At Legend Rock State Petroglyph Site, you’ll be welcomed by thunderbirds, elk, and headdressed figures that will make you feel you’ve traveled back to ancient times.

Turtle Petroglyph at Legend Rock Petroglyph Site

Tami Freed /

Purchase Tickets to the Thermopolis Cowboy Rendezvous PRCA Rodeo

You’ll enjoy watching cowboys with their rope tricks and rodeo skills at the Thermopolis Cowboy Rendezvous PRCA Rodeo.

The town used to host the biggest rodeos, and cowboys and ranchers from Thermopolis and neighboring towns participate in competitions at this annual event.

Join the town’s celebration and see cowboys in action at the bull riding, bareback riding, saddle bronc, and tie-down roping events.

At the Thermopolis Cowboy Rendezvous PRCA Rodeo, watch the exciting steer wrestling and barrel racing to see contestants putting it all on the line to bag the prize.

You can also learn cowboy skills by watching events like team branding, team penning, doctoring, wild cow milking, and bronc riding.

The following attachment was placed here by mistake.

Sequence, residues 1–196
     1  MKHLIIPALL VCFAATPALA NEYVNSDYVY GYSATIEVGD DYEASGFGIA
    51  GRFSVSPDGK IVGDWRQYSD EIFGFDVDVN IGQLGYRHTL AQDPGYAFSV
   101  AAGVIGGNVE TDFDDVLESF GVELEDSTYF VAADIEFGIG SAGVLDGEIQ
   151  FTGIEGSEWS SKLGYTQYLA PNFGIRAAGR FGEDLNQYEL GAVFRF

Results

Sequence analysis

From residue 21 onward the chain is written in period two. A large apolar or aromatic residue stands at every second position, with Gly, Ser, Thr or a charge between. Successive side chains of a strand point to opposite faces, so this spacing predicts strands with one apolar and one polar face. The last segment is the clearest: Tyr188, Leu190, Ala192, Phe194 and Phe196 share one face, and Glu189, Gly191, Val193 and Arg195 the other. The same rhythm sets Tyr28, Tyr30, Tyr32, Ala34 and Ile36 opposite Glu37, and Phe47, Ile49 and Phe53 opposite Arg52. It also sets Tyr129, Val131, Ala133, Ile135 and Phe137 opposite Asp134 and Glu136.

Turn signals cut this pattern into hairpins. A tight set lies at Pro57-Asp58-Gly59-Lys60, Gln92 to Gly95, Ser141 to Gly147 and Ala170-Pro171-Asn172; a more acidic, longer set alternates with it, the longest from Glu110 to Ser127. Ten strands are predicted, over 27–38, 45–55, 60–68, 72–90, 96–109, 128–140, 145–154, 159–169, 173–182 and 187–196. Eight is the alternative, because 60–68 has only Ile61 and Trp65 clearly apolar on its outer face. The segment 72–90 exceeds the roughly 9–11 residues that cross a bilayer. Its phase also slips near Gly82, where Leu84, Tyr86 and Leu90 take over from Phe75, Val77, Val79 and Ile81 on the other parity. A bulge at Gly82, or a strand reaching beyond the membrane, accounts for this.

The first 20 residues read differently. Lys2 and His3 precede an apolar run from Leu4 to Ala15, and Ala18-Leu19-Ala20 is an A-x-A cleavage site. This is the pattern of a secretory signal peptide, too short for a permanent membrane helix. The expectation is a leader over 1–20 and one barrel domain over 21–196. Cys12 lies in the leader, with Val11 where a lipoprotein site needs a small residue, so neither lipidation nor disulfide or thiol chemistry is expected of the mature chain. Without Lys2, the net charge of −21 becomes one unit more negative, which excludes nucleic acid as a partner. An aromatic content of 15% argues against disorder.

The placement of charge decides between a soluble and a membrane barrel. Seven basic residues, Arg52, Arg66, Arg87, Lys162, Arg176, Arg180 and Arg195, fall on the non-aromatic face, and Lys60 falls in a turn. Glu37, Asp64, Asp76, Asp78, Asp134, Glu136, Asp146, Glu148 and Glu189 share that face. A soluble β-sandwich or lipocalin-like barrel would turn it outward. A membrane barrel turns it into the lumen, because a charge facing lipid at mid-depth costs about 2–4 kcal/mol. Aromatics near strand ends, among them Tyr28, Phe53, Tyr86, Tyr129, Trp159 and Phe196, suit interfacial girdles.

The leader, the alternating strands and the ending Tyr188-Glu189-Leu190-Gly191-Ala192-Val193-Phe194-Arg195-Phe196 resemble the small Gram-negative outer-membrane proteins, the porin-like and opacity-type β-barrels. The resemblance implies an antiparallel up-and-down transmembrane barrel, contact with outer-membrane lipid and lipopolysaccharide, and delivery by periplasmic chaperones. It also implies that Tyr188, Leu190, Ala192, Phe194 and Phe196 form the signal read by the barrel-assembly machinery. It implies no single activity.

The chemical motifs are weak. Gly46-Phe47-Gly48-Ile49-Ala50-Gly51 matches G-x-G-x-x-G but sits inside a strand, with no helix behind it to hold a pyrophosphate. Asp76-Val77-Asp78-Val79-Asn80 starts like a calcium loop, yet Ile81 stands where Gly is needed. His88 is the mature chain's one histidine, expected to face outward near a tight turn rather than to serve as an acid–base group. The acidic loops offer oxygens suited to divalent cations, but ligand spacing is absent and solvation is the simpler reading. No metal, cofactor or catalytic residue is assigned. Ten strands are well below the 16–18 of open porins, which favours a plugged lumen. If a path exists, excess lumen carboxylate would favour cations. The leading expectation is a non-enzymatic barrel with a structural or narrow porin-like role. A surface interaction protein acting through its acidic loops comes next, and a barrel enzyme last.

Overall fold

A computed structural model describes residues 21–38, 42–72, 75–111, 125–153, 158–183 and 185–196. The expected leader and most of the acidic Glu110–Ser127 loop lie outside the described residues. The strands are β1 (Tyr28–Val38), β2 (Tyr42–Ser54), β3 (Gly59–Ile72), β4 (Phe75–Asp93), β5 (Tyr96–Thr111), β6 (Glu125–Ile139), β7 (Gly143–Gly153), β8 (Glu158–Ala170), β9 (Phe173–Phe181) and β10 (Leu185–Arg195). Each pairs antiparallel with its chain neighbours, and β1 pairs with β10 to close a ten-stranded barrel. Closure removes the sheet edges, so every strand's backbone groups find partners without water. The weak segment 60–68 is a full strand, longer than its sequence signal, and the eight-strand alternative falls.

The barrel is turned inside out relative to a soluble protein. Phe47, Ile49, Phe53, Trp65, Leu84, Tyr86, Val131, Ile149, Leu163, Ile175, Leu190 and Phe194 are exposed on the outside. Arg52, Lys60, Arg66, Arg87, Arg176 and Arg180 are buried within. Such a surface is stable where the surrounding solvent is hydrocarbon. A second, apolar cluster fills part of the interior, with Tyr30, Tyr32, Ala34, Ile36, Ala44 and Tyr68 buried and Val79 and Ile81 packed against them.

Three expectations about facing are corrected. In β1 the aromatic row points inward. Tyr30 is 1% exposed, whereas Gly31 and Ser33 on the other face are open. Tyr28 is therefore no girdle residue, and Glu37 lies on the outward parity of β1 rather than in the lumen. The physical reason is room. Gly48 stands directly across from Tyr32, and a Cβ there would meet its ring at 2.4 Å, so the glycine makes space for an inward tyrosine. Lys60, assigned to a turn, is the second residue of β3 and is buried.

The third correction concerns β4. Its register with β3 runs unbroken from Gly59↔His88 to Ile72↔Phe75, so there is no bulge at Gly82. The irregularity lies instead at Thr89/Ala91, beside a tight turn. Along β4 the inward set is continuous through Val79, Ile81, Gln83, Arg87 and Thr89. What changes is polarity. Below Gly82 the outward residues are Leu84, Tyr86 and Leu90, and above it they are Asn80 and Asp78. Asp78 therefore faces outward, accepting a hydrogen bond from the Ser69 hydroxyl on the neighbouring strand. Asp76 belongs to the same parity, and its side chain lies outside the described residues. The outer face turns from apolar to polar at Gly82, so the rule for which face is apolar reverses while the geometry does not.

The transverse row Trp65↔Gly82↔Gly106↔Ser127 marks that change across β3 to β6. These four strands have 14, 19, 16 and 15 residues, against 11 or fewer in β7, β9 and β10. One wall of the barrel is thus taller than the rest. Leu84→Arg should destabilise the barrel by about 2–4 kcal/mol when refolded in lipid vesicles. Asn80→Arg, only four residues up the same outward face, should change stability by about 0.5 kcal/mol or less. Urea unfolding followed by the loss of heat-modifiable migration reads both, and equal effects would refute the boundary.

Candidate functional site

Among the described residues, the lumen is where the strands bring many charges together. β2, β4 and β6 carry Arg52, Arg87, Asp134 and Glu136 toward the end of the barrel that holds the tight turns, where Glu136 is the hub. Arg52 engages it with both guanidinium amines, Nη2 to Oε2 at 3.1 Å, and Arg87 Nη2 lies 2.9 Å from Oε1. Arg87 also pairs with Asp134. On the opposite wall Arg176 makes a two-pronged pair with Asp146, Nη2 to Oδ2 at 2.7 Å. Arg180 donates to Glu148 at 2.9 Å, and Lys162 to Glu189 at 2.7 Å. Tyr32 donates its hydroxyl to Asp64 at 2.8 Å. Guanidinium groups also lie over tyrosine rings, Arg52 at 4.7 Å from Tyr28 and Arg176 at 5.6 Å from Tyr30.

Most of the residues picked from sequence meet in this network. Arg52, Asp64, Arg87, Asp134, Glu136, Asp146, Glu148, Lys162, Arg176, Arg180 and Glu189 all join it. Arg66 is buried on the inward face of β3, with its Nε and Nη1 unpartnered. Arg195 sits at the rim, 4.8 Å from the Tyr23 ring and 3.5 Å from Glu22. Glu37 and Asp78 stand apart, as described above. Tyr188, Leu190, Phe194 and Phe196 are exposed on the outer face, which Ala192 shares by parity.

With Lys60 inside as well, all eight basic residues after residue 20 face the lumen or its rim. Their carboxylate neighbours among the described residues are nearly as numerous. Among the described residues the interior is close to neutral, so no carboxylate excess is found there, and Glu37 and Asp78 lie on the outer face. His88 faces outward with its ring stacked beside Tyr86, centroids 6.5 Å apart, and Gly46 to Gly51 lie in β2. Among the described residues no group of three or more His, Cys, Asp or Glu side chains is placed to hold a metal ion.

Go for an Adventurous Trek at Monument Hill

For more outdoor adventures, you can explore the trails and hike to the peak of Monument Hill.

It was named for the monuments built and left by the ancient people at the summit.

Trek the paths starting from the Buffalo Pasture at the northern side of Hot Springs State Park.

You’ll pass through the winding pastures and walk the steps on the steepest portions of the trek.

When you reach the top of Monument Hill, you’ll get a stunning view of the area with highway US 20 and the Bighorn River on the north and the Hot Springs State Park and Thermopolis on the south.

Other Things to Do Nearby

Ride the Rapids at Wind River Canyon

The rapids of Wind River Canyon

Traveller70 /

Just four miles south of Thermopolis, you’ll enter Wind River Canyon, a primary geologic territory offering excellent outdoor recreation.

The Wind River waters run through the canyon’s rapids and steady to become the Bighorn River at an area called the Wedding of the Waters.

Ride tubes, kayaks, and other floats to enjoy the drifting rapids down the river.